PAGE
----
After menopause, we begin to see the negative effects of sugar upon our systems in several important ways. Excess sugar steals our B-complex vitamins and minerals. You will recall that earlier in this chapter I described these as offering calming effects. With the depletion of B-complex vitamins and minerals, we may become more nervous or anxious a real concern at menopause, when stress may worsen hot flashes and other symptoms. Further, sugar promotes tooth decay and gum disease, both of which can accelerate as we age. Even though diabetes is not your concern now, it is known that excess sugar consumption can be a factor in encouraging adult-onset diabetes and other imbalances in blood sugar, and that both of these conditions can worsen after menopause.
Physicians may prescribe ERT for four main reasons: to alleviate the sudden onset of menopausal symptoms if you have undergone an early surgical menopause (see Chapter 4); to help relieve hot flashes and their nighttime twin, night sweats; to relieve vaginal discomfort dryness, soreness, and the resulting pain during intercourse (see Chapter 5); and to prevent postmenopausal osteoporosis (see Chapter 8).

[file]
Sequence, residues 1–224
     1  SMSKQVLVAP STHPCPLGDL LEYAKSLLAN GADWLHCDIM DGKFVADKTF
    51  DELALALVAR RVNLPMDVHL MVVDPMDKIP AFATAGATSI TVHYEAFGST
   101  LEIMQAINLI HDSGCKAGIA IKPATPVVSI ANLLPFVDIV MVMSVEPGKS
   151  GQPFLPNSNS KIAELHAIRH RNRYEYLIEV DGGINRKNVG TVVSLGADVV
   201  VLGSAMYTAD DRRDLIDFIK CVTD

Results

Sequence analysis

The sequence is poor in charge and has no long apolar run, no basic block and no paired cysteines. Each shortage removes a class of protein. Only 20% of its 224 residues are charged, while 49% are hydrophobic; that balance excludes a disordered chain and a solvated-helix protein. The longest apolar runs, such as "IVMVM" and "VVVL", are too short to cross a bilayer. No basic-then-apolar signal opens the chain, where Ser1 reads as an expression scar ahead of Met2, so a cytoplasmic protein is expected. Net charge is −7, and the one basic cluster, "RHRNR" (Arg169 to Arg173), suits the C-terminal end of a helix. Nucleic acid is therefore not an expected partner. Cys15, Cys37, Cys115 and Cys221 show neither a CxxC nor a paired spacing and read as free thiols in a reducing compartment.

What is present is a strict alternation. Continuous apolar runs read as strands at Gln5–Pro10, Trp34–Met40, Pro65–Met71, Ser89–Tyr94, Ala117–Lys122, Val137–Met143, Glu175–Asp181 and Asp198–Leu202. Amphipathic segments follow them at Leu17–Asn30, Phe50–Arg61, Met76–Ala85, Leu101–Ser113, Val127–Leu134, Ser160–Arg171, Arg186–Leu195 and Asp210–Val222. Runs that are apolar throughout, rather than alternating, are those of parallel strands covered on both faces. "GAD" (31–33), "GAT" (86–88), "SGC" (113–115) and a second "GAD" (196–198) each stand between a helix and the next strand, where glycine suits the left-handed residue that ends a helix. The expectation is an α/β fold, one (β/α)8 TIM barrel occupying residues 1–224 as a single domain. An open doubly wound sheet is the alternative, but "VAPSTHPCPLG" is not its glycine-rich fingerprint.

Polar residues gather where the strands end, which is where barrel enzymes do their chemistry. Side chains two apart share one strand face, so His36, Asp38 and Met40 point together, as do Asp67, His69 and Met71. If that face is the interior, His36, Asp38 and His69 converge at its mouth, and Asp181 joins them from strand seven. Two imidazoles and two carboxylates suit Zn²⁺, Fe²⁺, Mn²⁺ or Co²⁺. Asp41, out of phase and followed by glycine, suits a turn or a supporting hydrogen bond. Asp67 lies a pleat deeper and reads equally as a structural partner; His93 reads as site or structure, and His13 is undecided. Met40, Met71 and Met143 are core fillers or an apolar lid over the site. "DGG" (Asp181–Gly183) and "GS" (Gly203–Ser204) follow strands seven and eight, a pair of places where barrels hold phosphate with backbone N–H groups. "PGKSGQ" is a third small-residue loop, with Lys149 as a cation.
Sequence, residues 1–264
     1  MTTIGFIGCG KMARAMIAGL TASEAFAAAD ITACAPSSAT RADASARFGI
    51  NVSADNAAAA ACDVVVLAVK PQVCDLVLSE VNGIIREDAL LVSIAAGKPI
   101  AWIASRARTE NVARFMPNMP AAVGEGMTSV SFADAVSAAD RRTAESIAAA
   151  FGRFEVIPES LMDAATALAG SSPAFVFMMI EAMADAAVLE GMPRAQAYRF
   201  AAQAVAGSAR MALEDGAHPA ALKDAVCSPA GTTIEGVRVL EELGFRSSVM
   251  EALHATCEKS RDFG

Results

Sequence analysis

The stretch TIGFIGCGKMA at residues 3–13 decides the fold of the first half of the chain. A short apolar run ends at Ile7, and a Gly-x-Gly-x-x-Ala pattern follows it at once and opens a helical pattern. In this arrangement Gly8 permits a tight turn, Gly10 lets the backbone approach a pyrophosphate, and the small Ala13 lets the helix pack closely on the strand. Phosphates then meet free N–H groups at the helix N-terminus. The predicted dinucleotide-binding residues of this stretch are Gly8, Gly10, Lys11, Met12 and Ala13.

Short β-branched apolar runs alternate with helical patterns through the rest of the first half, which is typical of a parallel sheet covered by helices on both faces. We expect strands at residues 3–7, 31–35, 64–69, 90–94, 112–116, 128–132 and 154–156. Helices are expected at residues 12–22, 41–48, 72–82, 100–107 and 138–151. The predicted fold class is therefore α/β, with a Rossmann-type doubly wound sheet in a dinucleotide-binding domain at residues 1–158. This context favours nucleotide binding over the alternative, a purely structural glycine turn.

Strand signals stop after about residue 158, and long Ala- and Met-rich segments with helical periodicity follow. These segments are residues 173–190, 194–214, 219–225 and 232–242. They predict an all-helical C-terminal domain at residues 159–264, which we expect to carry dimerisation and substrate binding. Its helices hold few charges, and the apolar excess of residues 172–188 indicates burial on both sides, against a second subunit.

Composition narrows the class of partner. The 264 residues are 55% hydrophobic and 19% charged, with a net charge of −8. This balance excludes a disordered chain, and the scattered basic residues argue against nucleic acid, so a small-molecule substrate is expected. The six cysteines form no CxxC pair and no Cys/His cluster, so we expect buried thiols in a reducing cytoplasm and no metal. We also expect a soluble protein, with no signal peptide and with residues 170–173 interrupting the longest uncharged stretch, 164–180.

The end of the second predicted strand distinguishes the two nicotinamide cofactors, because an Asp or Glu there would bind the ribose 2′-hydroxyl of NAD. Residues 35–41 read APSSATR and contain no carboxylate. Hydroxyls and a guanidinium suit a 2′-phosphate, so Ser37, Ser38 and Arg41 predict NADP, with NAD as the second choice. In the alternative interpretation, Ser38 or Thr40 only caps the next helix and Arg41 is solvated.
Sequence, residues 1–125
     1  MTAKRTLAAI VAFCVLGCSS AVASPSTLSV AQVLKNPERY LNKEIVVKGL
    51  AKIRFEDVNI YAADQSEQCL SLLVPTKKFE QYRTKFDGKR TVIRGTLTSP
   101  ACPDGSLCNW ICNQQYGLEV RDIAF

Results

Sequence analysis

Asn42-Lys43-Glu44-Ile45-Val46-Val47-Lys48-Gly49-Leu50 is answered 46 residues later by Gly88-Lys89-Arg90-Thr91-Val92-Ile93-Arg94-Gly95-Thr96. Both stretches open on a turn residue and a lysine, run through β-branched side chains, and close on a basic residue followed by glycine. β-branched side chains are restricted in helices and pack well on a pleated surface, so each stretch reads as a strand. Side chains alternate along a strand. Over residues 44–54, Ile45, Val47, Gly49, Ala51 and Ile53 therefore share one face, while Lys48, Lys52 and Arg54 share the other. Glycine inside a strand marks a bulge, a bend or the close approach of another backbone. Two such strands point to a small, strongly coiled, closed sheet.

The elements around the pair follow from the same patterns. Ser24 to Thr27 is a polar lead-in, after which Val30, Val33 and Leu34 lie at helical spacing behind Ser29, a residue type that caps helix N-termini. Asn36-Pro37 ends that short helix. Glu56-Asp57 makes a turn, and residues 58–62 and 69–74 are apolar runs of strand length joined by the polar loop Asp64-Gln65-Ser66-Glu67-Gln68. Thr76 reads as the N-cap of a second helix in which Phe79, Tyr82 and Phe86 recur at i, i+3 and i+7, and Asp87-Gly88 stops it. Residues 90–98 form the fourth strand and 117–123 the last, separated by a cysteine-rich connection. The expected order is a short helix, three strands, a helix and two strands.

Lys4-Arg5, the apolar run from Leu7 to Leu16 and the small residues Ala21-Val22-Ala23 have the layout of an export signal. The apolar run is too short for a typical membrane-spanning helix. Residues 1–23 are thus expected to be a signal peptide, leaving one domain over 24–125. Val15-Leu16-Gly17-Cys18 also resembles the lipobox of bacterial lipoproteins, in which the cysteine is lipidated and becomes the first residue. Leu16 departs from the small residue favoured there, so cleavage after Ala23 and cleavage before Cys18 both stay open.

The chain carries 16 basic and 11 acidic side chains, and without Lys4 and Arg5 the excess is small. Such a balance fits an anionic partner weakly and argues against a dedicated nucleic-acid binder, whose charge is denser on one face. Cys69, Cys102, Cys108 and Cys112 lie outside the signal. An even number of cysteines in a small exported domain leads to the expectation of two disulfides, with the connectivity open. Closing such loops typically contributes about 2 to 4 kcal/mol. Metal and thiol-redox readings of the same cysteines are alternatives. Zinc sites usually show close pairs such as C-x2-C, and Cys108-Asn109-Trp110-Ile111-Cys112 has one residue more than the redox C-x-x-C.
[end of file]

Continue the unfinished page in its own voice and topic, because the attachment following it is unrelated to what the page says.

It is important that we educate ourselves on our own behalf so that we can make informed choices regarding many aspects of our lives. Our continued health and wellbeing should be right at the top of our priority list. We should look forward to interesting and fulfilling years after menopause. We not only have the right, but the obligation, to manage our own health care as effectively as we know how.
Knowledge is of two kinds. We know a subject ourselves or we know where we can find information upon it.
Why have I been told to cut down on my CONSUMPTION OF SUGAR AFTER MENOPAUSE? I DON’T HAVE DIABETES. Photo Gallery
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